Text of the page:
14 SEPTEMBER 2002, Page 52

Pop music

Outrageous behaviour

Marcus Berkmann

Iwas in a record shop the other day, in my usual ceaseless search for wrongly marked-down new CDs and other accidental bargains, when a track from the new Coldplay album came on. Like many people, I possess the first Coldplay album. Like several, I'm not sure it's quite as good as everyone said it was. Like a few, I'm worried that this young and impressionable group have been touted as the natural heirs of U2, a group so phenomenally dull they believe that putting on sunglasses makes them 'ironic'. And yet this track they were playing sounded fantastic. Dramatic, epic even, with gloriously tortured vocals and a really powerful good tune at the heart of it. Everything you want rock music to be, in other words. I could feel a purchase coming on. I went up to the counter.

'Excuse me. Just to check — this is the new Coldplay album?'

A lanky, chin-free specimen in his early twenties turned, very slowly. Gradually he focused, and stared at me with contempt. I believe I had dared to talk to him.

'Yes — hello!' I waved. 'Is this the new Coldplay album — that you're playing, and that I'm listening to?' You like to be sure. It might have been any of several new groups who believe that sounding a bit like Coldplay is the easiest route to fame and fortune.

But the specimen didn't regard this question as worth answering. Either it was obviously Coldplay or it was obviously not Coldplay. He knew. I didn't. He seemed to like this state of affairs, but be wasn't going to let it show. With an impassivity that implied massive zen-like concentration, or possibly prolonged drug use, he stood there as though I hadn't spoken; then turned and walked slowly away. Outrageous, really, but this was a record shop, where normal stan dards of behaviour do not apply. You might get reasonable service if you were Chris Martin from Coldplay himself, or if you had a gun. Otherwise you're lucky if they'll let you buy something.

Disaffected youths buy records. Disaffected youths want to be rock stars. Really badly disaffected youths who want to buy more records than they can afford and know they will never become rock stars work in record shops. It has always been thus, and has long inspired many people to avoid record shops altogether. The citycentre megastores aren't so bad, as they tend to he staffed by weary students who haven't the time or the energy to be rude to you. Specialist and second-hand shops are traditionally the worst, especially if you do something they don't approve of, like buy a Moody Blues album or ask for a receipt. But if you buy a Neil Young album (or something they do approve of), they will look kindly upon you and discuss the artist's works at possibly mind-numbing length.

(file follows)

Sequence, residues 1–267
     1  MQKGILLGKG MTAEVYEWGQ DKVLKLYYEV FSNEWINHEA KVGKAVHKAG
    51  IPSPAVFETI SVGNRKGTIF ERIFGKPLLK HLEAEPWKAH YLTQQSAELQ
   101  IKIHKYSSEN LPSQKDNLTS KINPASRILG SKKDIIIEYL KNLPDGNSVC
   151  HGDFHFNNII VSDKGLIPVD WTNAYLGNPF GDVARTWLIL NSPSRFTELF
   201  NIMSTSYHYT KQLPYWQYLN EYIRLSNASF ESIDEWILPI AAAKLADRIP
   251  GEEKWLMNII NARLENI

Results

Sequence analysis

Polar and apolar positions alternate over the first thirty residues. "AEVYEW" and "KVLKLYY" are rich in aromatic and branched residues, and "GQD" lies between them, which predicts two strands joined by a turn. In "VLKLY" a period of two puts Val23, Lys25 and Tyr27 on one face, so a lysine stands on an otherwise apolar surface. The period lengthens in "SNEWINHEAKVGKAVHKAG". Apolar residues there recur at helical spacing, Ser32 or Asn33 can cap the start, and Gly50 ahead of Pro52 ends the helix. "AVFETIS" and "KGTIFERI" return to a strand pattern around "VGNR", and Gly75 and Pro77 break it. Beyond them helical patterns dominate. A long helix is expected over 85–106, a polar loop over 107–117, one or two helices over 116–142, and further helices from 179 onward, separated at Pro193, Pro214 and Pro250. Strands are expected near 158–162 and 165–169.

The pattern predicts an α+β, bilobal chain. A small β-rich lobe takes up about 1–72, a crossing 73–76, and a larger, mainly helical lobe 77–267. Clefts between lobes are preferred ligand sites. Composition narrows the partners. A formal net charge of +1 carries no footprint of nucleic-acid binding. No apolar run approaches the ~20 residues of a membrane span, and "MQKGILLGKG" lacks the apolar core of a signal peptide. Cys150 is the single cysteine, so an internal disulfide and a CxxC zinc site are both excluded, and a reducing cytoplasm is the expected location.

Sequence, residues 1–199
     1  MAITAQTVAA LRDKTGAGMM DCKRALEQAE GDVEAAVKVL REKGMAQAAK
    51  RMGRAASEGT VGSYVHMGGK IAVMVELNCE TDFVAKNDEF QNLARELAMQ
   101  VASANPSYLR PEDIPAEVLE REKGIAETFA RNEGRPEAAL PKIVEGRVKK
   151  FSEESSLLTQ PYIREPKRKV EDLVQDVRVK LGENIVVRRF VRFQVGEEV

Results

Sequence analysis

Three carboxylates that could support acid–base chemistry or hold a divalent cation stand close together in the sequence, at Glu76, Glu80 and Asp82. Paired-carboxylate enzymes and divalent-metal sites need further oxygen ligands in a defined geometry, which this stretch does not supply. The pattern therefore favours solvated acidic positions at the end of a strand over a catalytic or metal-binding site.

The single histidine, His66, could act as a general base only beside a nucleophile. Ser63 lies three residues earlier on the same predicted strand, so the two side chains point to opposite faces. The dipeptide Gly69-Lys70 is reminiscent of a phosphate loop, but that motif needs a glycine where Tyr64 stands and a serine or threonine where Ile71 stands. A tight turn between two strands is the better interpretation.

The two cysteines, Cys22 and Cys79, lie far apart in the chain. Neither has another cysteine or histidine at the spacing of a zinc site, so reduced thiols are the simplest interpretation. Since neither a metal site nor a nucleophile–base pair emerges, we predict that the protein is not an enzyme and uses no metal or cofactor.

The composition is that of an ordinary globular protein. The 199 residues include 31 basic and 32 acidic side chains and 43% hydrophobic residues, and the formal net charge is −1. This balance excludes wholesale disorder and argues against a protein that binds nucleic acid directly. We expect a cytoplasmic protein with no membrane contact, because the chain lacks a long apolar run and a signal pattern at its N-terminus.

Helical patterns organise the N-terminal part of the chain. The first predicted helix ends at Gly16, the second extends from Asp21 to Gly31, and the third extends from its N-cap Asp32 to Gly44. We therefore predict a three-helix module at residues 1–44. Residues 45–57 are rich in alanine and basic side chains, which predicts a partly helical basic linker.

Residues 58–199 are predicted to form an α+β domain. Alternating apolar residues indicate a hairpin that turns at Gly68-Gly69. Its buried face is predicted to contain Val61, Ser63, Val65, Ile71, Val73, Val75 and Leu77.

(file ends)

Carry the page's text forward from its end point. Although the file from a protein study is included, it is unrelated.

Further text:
It's the high-street chains which really set the standards for staff rudeness, although nowadays that may be because they haven't much else to offer. Their shelves groan with DVDs and Playstation games, but their CD stock has been stripped back to the current chart, greatest hits collections and a small back catalogue of acknowledged classics. The other day I went looking for the Turin Brakes's wonderful debut album as a present for someone, but it has been out 18 months and didn't go triple platinum. In your local Virgin you'd have more chance of buying a wildebeest. To make up for their pitiful stock, most highstreet chains now have year-round sales, offering two CDs for £22, or five for £30. But they are always the same dull old titles you either already have or would never want.

The truth is that record shops are dying. Friends of mine, who are too fat to move, buy all their CDs off the Internet. Others have noticed that some supermarkets are now offering chart albums at £9.99. Recommended retail prices continue to rise — £16.99 for a CD is not unknown, especially in megastores, where you have to shop very carefully indeed. (Often, I suspect, they add a pound or two to the RRP just to see if you're paying attention.) The music industry complains that the supermarkets are cherry-picking the best titles and selling them off too cheaply — but what's wrong with that? No one outside the music industry believes CDs are good value. Accordingly, CDs sales continue to fall, and the high-street chains are suffering. After all these years, their staff finally have something to be miserable about.

Still, if it means that the little bleeder who failed to serve me is soon out of a job, I don't think I'd be too distressed. And the new Coldplay album? I bought it elsewhere, as it happens, and it's very good indeed.